- The Flames' powerplay has fallen from second in the league to twelfth. We all knew that the success they were enjoying at the beginning of the season would level off at some point, but nobody could have predicted the drop-off would be this severe. It's their powerplay faceoff percentage that worries me most--11% against the Sabres and 33% against the Leafs--since it is impossible to maintain zone presence without possession of the puck.
- Speaking of special teams, Brent Sutter said something that was of great interest to me a few days ago when describing his team's recent success on the penalty kill. He said in an article in the Calgary Herald that he had employed some of the same strategies the team had been using before he was hired as Head Coach, when they finished 5th in the league on the PK last season under the tutelage of Mike Keenan and Co. Does this mean that the previous coaching staff wasn't completely inept in the special teams department, or that the Flames just have a lot of good penalty killers on their roster?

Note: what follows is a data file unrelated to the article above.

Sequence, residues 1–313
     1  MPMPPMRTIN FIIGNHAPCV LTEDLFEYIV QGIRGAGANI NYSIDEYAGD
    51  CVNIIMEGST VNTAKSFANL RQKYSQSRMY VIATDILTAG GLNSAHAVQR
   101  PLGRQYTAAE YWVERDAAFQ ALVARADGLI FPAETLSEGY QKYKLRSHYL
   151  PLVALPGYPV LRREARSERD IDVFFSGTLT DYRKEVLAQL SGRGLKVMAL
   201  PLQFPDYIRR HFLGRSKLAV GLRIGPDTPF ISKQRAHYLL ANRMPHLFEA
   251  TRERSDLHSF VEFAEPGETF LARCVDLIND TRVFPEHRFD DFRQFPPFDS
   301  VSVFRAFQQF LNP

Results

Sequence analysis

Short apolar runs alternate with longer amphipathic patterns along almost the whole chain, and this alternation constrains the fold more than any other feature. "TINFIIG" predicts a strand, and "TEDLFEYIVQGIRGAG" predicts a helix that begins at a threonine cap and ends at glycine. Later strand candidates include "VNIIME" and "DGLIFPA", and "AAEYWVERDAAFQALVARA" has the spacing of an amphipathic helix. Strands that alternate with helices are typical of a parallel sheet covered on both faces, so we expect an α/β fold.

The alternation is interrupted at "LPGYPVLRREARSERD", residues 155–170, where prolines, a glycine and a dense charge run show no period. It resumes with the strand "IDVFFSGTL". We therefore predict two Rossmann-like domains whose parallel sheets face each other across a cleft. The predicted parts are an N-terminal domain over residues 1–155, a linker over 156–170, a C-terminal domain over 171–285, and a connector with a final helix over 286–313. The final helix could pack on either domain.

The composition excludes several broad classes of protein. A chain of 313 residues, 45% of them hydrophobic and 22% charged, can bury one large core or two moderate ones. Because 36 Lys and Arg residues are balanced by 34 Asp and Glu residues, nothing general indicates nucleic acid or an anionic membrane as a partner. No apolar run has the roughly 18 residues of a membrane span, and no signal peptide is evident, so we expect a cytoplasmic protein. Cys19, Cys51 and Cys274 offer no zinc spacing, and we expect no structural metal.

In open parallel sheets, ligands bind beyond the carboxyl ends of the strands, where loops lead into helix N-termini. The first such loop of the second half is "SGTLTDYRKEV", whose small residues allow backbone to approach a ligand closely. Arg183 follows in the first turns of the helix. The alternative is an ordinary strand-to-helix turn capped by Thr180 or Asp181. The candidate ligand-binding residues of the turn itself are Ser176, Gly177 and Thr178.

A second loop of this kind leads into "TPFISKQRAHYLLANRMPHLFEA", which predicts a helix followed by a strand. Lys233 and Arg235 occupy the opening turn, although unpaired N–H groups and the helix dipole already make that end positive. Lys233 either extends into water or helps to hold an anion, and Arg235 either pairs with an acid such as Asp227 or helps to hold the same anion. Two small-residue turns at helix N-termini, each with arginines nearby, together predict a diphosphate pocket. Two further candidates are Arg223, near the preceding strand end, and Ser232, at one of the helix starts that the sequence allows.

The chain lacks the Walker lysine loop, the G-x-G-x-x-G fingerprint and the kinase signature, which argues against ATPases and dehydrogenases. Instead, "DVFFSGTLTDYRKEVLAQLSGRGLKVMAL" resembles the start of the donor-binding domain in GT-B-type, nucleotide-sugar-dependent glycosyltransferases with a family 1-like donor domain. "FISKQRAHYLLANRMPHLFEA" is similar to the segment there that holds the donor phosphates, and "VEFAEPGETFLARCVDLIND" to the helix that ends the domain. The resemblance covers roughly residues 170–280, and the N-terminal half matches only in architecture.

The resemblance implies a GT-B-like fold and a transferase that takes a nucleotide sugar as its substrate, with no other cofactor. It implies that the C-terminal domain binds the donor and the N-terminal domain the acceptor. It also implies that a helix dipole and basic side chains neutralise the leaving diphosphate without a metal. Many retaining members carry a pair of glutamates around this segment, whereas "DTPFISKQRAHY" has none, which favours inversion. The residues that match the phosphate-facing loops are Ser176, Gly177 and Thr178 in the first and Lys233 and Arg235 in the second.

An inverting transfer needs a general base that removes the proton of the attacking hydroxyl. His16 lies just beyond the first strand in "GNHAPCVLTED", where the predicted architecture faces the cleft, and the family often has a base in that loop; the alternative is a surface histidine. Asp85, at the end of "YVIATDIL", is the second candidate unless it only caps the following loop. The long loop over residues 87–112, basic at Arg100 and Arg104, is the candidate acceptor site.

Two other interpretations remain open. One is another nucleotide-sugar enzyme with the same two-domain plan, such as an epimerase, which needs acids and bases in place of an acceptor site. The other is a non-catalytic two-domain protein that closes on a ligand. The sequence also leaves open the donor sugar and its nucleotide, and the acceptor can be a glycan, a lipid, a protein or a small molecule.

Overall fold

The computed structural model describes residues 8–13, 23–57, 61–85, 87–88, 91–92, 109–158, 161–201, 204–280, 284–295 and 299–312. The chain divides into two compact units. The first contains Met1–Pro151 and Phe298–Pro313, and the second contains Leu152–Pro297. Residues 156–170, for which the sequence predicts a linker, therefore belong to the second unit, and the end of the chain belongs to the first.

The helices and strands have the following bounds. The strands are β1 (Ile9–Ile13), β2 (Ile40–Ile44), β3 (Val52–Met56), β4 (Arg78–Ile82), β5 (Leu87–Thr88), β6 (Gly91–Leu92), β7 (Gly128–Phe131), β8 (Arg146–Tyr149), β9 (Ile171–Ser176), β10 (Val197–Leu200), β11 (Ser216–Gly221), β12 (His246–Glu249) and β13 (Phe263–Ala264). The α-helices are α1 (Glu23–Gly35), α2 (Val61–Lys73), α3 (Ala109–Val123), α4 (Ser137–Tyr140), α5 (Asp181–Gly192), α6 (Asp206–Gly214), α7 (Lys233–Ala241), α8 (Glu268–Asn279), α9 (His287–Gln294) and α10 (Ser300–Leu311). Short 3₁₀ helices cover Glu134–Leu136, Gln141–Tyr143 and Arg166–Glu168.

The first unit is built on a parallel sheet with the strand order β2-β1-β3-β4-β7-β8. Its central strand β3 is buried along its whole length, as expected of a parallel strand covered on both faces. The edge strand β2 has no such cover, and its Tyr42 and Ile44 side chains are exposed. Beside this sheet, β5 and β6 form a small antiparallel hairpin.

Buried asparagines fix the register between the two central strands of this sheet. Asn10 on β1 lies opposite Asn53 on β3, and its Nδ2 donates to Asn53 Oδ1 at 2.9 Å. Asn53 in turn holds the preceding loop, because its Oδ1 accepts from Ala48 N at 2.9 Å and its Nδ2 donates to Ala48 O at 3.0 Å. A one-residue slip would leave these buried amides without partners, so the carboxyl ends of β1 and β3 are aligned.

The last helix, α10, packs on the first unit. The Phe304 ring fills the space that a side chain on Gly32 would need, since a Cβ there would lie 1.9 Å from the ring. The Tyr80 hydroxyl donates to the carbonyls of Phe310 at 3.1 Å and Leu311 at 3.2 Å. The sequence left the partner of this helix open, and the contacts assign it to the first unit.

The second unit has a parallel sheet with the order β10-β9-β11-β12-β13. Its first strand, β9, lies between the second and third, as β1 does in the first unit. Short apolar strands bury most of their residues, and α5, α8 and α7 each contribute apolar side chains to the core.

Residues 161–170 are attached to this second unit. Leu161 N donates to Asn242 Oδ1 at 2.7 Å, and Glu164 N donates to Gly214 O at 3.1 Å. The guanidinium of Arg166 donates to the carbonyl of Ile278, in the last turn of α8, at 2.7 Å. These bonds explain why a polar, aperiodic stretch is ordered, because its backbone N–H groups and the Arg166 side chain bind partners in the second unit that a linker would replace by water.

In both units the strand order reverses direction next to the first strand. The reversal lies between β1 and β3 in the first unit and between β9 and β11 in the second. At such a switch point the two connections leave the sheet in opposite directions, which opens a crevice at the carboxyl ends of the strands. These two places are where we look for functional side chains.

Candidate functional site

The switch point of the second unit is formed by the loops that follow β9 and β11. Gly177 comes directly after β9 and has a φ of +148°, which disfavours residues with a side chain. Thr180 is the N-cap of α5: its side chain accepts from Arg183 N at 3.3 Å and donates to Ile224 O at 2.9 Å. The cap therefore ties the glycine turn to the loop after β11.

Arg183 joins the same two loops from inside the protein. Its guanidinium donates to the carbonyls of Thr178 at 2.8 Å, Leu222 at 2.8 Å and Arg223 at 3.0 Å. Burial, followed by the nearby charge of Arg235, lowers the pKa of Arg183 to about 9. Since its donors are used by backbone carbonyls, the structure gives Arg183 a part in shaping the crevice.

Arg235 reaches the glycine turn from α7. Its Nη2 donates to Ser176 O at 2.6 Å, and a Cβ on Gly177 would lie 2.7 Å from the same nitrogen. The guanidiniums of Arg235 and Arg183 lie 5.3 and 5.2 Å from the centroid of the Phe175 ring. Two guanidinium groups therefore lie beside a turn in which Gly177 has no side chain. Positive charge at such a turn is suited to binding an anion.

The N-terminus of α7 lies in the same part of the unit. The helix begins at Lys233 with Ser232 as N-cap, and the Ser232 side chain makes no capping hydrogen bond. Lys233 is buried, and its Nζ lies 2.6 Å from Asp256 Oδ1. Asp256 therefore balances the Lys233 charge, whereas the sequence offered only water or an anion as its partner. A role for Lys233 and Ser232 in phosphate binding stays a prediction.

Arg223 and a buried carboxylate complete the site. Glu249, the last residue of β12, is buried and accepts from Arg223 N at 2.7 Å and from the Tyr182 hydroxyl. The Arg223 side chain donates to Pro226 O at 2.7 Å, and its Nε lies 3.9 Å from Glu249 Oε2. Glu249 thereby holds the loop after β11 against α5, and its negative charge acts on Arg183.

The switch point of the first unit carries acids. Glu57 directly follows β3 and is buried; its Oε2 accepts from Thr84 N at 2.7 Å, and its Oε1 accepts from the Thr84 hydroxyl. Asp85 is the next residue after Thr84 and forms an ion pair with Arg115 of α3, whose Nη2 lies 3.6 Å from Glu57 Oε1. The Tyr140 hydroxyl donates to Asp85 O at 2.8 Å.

-David Moss and Phil Kessel are cousins. Who Knew?
- Moss has been playing very well on a line with Boyd and Nystrom. The trio were some of the only forwards who were skating well and were able to establish a forecheck and good puck support in the offensive zone against both the Leafs and the Sabres.
- Robyn Regehr was +4 last night against Toronto and Dion Phaneuf was +3. If only Brent Sutter's stubbornness when it comes to pairings/line combinations would yield the same results with Jokinen and Iginla.
-Sheldon Souray finally returned to the Oilers lineup this afternoon when they faced the Thrashers in Atlanta after missing sixteen games with a concussion, blamed on an inadvertent trip by Jarome Iginla, during which Oilers fans whined incessantly about how they were missing on of their best players and practically called for a lifetime ban from the NHL for Iginla. They still lost.
Up Next: The Flames return to the 'Dome on Tuesday night to face the Avalanche, coming off an embarrassing 8-2 pounding last night at the hands of the Canucks, after which a handful of Avs players were forced to sit through HNIC's "After Hours" with Kevin Weekes and Scott Oake. The Avs won a 3-2 decision at the 'Dome back in October.
I promise to be a better fan and contribute more frequently to the hockey blogosphere this week. Pinky-swear.